Luckily for me, I’ll be continuing at the Benson-Henry Institute for the school year and I can’t wait to see what more I can learn.
I can’t believe it’s already been one month working at the Benson-Henry Institute at Massachusetts General Hospital! One of the best parts about this internship is how comprehensive it is in terms of the tasks I get to work on at the Institute and the hospital. At Benson-Henry, we work on tons of different projects and studies all at the same time. Most of our studies center around the body’s reception of the relaxation response, which is essentially the opposite of the fight-or-flight response. Right now, we’re working on a study that examines various manifestations of the relaxation response (i.e. meditation or yoga) in healthy individuals who are chronically stressed, a study that tracks the same response in individuals who have a certain susceptibility gene for multiple myeloma, and a study that explores how the relaxation response can affect resident students in medical school. And those are just a few of the projects I am working on! In comparison to some of the research I do at Brandeis and in the classroom, at the BHI I really get to follow experiments all the way through and see all of their different parts come together. Because we’re working on so many projects at once, each project is usually in a different place than the one next to it. That is to say, some studies are in their beginning phases in terms of recruitment, some are in full swing in terms of data collection, others are pushing through data entry, and still others are being analyzed.
One of the best parts about this internship is that I get to combine and manipulate much of what I have learned in my psychology classes at Brandeis in science. For instance, for the chronic stress study, one of the biomedical measures we are collecting is cortisol, a steroid hormone involved in stress in the body, a hormone I have learned about in multiple classes. It’s really interesting to combine what I learned about cortisol in my Biological Basis of Motivation neuroscience class with what I learned about cortisol in my Adolescent psychology class to really see cortisol in action. Similarly, I just started a literature review for the Institute on a new research topic we are starting that will focus on stress and eating disorders. After taking Research Methods and reading multiple research articles, I am thrilled that I can incorporate those classroom lessons in practical psychology in the real world. I am especially enjoying working with the research coordinators at the BHI because they all have such different and unique research interests and have already proven to be great resources for me as I delve into the world of research and clinical psychology.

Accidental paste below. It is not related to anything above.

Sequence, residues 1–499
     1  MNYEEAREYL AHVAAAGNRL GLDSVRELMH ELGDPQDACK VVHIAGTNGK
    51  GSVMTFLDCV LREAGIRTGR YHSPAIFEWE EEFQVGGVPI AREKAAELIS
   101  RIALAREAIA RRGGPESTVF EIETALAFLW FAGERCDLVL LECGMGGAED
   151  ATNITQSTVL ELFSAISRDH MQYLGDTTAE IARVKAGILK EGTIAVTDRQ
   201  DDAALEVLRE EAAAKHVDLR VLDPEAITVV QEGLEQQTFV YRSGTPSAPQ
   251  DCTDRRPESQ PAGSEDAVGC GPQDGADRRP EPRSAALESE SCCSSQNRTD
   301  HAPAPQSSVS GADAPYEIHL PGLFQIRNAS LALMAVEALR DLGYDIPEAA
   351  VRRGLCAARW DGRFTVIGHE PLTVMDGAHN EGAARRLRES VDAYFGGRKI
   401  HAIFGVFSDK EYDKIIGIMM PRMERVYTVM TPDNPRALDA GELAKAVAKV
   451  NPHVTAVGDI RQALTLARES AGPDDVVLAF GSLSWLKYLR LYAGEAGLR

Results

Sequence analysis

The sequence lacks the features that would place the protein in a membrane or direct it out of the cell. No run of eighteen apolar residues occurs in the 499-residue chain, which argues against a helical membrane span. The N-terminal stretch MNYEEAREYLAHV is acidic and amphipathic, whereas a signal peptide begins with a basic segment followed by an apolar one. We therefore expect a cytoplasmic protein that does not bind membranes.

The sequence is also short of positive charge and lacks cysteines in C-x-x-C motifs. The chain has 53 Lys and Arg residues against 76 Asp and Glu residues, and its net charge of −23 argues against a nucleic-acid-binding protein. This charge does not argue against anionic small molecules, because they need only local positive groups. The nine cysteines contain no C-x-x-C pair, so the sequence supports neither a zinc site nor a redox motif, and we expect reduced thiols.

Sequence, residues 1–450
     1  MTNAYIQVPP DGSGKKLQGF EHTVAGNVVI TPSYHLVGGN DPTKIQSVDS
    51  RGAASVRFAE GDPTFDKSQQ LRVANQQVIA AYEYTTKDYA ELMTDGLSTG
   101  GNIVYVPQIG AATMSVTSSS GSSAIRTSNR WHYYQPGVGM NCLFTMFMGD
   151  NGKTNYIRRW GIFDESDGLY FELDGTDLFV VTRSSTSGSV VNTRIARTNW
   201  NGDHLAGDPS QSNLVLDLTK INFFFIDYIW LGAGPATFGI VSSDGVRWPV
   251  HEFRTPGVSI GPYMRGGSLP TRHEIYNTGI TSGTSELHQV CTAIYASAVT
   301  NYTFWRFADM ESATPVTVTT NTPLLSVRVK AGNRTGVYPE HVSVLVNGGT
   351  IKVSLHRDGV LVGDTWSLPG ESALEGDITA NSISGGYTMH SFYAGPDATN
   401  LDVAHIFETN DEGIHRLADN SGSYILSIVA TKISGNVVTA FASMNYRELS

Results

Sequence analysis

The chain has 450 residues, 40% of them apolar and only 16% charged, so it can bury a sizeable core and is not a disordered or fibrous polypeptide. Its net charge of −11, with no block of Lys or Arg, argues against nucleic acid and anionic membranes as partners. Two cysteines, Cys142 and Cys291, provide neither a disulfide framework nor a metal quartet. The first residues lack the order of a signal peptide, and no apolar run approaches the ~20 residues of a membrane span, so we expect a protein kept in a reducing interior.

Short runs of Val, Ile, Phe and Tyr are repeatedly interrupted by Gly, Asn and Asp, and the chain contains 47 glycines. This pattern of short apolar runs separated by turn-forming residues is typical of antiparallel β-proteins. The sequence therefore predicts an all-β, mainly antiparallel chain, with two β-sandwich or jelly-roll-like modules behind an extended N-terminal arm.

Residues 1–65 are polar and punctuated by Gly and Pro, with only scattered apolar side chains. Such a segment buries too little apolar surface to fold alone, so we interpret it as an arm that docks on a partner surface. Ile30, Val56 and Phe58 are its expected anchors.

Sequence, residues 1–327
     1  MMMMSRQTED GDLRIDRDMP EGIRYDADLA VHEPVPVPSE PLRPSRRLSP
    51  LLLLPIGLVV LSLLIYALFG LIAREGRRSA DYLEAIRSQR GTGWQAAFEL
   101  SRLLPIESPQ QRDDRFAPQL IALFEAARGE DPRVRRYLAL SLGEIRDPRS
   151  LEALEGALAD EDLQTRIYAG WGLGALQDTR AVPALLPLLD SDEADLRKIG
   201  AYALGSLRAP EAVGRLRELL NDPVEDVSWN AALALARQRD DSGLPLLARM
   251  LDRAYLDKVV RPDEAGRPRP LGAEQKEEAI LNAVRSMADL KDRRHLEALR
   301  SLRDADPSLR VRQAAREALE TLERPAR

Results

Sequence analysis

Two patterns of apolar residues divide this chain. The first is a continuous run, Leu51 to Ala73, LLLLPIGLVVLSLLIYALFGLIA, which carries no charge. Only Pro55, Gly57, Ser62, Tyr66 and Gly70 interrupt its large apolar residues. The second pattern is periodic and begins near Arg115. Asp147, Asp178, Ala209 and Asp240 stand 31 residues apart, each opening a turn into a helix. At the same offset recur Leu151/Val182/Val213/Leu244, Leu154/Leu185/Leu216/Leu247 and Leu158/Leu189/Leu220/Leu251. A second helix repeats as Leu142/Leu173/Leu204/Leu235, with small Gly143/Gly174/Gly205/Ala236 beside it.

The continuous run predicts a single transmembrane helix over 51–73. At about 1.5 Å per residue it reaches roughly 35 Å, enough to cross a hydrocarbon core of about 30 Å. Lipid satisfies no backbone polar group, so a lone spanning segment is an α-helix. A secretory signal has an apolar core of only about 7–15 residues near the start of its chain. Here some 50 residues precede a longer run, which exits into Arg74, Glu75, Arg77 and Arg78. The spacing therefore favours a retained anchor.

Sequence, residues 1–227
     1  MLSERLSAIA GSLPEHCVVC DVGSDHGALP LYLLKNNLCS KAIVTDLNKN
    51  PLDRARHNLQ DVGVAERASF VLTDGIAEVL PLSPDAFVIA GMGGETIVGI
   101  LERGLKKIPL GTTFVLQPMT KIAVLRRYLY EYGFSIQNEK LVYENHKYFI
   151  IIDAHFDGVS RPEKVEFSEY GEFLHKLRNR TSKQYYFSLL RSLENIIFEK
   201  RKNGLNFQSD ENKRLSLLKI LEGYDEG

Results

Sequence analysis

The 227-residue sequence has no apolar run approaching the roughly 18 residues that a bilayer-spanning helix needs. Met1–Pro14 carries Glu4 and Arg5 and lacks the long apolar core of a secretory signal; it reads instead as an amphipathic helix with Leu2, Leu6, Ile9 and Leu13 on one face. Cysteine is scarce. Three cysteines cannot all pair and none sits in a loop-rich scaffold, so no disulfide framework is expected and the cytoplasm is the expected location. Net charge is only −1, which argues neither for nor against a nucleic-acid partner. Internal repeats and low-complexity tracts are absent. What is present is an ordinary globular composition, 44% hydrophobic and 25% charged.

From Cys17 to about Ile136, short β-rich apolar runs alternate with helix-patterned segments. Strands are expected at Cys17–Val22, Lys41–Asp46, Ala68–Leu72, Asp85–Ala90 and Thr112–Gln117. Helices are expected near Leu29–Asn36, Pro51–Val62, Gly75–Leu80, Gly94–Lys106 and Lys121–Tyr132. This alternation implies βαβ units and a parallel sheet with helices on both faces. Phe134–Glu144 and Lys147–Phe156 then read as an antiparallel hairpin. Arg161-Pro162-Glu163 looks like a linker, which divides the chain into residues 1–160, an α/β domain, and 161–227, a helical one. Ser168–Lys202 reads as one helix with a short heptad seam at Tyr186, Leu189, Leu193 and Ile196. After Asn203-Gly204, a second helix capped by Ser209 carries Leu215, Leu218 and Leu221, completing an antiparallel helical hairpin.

Below is a video of Dr. Herbert Benson explaining the benefits of the Mind Body Medicine.
The BHI also holds many classes for multiple populations with various focuses. Below is a video compiled by Mass General about stress, teenagers, and the relaxation response.